You probably know someone who you feel has more highly-developed emotional intelligence than you do, perhaps wondering how you can improve your own skills. While you might think emotional intelligence comes naturally and can’t be learnt, there are in fact significant steps you can take to enhance the way in which you handle your emotions and react in certain situations.
Become more self-aware
Take time to recognise how you’re feeling and try to establish why you feel the way you do. Being present in the moment and being aware of how certain situations or events make you feel can be quite enlightening. Rather than simply thinking “I don’t like this”, think about why you feel this way. Don’t be afraid of what you may perceive as negative feelings, such as nerves or irritation. Instead, admit to yourself how you feel and spend more time recognising who you are at your very core and accepting yourself as you are.
Empathy is an extremely important trait when it comes to dealing with other people, both personally and in the workplace. Simply listening to what someone is saying is a great way to start working on your empathy skills. Understanding people’s needs and feelings will help you to positively engage with them. You might find some people harder to read than others, but if you keep listening and observing, you should soon find that you’re able to recognise how someone is feeling. This makes interaction on both a personal and a business level far more effective and rewarding.
Control your emotions
We’ve all worked with someone with a tendency to fly off the handle at the slightest thing. And most of us would agree this is neither pleasant nor appropriate in a business environment. If you have a short fuse, learn to recognise your triggers and find a way to manage those emotions. You might initially find that you have to temporarily physically remove yourself from situations wherein you feel yourself getting angry or emotional, but, over time, managing your emotions will become easier. Practices being calm and assertive without letting your emotions control you.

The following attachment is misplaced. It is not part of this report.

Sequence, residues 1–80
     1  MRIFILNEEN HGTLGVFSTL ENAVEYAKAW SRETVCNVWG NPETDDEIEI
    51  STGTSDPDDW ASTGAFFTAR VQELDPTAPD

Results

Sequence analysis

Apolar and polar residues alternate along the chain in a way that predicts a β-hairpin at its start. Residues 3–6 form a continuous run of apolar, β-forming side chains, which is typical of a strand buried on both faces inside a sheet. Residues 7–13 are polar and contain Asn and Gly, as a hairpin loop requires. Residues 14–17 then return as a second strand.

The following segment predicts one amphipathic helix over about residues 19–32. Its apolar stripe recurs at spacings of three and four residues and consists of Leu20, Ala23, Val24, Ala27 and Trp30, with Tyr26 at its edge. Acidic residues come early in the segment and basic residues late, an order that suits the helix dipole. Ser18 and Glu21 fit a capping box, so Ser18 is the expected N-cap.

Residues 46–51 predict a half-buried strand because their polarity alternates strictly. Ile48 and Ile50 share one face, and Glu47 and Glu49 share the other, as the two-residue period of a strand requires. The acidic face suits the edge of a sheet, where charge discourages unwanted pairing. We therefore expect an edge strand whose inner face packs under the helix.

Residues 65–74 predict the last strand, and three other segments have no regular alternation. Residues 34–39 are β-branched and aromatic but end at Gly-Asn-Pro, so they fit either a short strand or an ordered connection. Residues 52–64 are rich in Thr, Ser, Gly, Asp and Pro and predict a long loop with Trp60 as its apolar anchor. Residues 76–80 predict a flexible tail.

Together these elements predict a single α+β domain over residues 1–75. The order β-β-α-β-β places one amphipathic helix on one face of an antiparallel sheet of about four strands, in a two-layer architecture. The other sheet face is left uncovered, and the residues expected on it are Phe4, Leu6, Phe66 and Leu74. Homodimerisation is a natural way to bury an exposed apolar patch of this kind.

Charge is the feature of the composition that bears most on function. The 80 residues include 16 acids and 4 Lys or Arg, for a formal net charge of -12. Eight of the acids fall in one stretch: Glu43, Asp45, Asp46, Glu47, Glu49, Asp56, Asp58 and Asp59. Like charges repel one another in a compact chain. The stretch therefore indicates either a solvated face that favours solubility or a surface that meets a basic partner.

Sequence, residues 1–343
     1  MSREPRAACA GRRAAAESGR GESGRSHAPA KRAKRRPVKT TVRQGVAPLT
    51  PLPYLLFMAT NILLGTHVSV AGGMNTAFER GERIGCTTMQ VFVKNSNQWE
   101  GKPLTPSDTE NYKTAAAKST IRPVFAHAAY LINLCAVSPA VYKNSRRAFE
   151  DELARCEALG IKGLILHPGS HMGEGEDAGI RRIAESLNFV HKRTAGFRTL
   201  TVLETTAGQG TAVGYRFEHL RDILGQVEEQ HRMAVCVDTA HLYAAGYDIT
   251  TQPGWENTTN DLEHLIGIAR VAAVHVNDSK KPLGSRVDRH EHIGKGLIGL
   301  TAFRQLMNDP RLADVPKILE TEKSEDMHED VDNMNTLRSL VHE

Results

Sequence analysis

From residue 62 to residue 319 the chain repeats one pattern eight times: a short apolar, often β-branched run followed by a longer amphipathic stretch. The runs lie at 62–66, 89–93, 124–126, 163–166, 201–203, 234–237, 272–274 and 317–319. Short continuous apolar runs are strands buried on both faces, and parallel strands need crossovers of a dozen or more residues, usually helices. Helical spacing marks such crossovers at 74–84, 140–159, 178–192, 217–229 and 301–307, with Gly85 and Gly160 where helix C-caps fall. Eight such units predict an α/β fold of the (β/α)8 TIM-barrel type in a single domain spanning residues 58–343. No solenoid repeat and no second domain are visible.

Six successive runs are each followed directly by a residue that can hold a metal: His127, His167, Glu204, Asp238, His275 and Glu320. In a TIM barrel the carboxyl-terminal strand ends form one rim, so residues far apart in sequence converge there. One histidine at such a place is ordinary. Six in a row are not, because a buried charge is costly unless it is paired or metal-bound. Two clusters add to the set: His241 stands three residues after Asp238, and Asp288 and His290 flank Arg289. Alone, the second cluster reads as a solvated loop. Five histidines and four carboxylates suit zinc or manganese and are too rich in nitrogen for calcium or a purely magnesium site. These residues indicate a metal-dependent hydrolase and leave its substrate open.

Improve your social skills
People with developed emotional intelligence generally find it easier to interact with and engage others. If you find yourself shying away in social situations, think about people you know who are great at socialising or presenting ideas to colleagues. Think about any traits they may have in common and how they make people feel. There is a fairly good chance that they make other people feel valued and important. Great social skills are less about talking and more about listening, reading situations and putting people at ease. Learn to relax in groups of people and ask questions. Listen carefully to conversations and make those with whom you speak feel genuinely valued.
Anyone who has invested time in developing their emotional intelligence will tell you that they see significant benefits in their daily interactions with others and in achieving their desired outcomes in any given situation, whether business or personal. They are routinely perceived as offering greater value by senior management and, in many cases, may enjoy accelerated career progression. This is a wholly portable skill set that far transcends individual industries and employers.
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